A 12-foot alligator is said to be responsible for the gruesome death of 61-year-old James Okkerse and authorities still remain mum about what park officials did or did not do leading up to the tragic incident, a report from the Orlando Sentinel said. Okkerse’s lifeless, partially eaten body was discovered Monday at Blue Spring State Park in Orange City, Florida, an official with the Florida Fish and Wildlife Conservation Commission revealed.
Initially, authorities suspected that an alligator that was seen near Okkerse killed him, but this was not immediately known until an investigation by the medical examiner was performed. However, FWC spokesman Lenny Salberg stated that there were several signs of an alligator attack.
“I don’t know if there were bite marks on the body or not. We found the body on the bottom,” Salberg said Monday during a press conference. “Our thoughts and prayers continue to be with Mr. Okkerse’s family and friends during this difficult time.”
After an autopsy, the Volusia County coroner’s office confirmed that James Okkerse died of wounds caused by an alligator while swimming. According to witness statements given to NBC station WESH, a 12-foot alligator was spotted in the area where Okkerse disappeared. Okkerse was swimming and diving in the spring with two friends when he disappeared at around 9 a.m., the report states.
FWC officers launched a search to find the reptile and they scoured the area along Blue Spring.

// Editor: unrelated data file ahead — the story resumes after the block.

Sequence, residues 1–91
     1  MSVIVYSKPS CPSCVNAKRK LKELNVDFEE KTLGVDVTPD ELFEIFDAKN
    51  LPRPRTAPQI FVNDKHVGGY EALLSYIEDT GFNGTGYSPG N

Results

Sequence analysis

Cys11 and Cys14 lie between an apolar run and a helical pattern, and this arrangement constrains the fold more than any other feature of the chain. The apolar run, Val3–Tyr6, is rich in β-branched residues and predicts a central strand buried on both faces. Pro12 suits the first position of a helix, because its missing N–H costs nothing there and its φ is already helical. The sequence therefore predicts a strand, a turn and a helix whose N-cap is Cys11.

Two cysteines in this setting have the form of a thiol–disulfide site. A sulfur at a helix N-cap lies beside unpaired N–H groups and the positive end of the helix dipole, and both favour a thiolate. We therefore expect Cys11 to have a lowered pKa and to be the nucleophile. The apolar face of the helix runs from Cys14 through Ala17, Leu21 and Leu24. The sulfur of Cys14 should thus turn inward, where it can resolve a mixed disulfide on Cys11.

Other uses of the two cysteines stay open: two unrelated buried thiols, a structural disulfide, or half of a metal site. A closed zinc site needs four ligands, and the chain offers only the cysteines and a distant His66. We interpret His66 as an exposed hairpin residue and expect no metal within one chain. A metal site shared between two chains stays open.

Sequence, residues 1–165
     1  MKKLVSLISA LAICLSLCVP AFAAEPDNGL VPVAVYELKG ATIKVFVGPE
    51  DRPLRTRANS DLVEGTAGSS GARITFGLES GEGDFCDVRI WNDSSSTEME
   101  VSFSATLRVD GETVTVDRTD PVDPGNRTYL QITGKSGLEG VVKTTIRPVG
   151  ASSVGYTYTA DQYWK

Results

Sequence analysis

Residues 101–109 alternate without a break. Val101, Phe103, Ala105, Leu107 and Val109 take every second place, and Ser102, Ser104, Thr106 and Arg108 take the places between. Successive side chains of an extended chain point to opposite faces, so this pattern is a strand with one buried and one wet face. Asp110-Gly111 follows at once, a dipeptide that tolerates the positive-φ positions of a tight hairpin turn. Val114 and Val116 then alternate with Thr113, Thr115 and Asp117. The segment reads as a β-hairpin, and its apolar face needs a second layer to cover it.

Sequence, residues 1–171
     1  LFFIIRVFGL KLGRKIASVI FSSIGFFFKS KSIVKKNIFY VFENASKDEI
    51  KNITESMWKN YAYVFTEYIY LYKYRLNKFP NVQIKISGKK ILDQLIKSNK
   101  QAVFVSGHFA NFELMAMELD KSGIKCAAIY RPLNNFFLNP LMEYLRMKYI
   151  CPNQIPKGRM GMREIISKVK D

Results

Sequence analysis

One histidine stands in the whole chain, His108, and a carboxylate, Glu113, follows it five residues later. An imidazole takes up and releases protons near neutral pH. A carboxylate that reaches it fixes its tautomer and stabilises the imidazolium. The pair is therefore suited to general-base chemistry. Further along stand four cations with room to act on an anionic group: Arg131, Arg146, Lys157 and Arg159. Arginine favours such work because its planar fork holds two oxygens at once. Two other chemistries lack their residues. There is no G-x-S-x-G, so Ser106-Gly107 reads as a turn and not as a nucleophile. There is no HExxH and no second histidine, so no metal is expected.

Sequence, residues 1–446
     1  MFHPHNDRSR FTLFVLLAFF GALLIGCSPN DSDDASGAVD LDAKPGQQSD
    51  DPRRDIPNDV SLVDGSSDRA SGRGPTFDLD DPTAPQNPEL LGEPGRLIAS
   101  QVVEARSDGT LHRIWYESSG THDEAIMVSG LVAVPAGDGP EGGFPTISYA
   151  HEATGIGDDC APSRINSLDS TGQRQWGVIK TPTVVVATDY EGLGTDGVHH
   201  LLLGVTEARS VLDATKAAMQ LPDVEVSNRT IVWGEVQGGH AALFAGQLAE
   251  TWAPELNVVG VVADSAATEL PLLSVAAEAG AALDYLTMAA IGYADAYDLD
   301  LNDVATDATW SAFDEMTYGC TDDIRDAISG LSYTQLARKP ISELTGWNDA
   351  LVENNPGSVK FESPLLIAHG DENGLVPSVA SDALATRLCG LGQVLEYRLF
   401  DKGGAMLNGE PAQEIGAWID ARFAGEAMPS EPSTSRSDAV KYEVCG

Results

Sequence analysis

“If you hear a gunshot that’s because they are looking for the alligator,” Salberg said. “That’s how they take the alligator out.”
They quickly found the animal and officers fired three shots in its direction. The dead alligator was then dragged onto the back of a vehicle. Authorities killed the reptile because, given its size, it was a threat to park visitors who come to enjoy kayaking, snorkeling, and viewing manatees in the river’s warm waters.
Apparently Okkerse, a native of Michigan, used to swim in this area of the park for some 20 years and was in excellent physical shape. Russ and Carol Anen were swimming and snorkeling with James Okkerse just moments before the attack occurred. The couple and Okkerse were close friends and took trips to the spring three times a week for exercise. Anen first spotted the alligator and went to warn his wife and friend.
“I was watching both of them. But then, while I’m watching, she came down. I warned her, she got on the dock, but Jim was overdue,” Anen recalled.
Carol Anen told reporters that James was the strongest swimmer of the three and was ahead of the couple shortly before he disappeared under the waters.
“All of a sudden he just disappeared. Completely gone out of the water, gone. I swam around, looked for him, didn’t see him,” Carol Anen said.
The couple also expressed anger because they feel that park officials didn’t do enough to warm swimmers of the danger of alligators in the area.
“There should be more information put out there for keeping the park in control rather than things getting out of hand,” Anen said. “We’re not foolish people. We should have been cautioned, and we probably would have asked for the size of the alligator.”
This is the first time a person has died from an attack by an alligator in Florida since 2007. Before the incident, the FWC recorded 22 fatal alligator attacks in the state since 1948. In the same time period, there have been 338 nonfatal alligator attacks, the Orlando Sentinel wrote. Okkerse’s death marks the end of the state’s longest recorded period without a fatal alligator attack.
[Image via Joe Raedle/Getty Images News]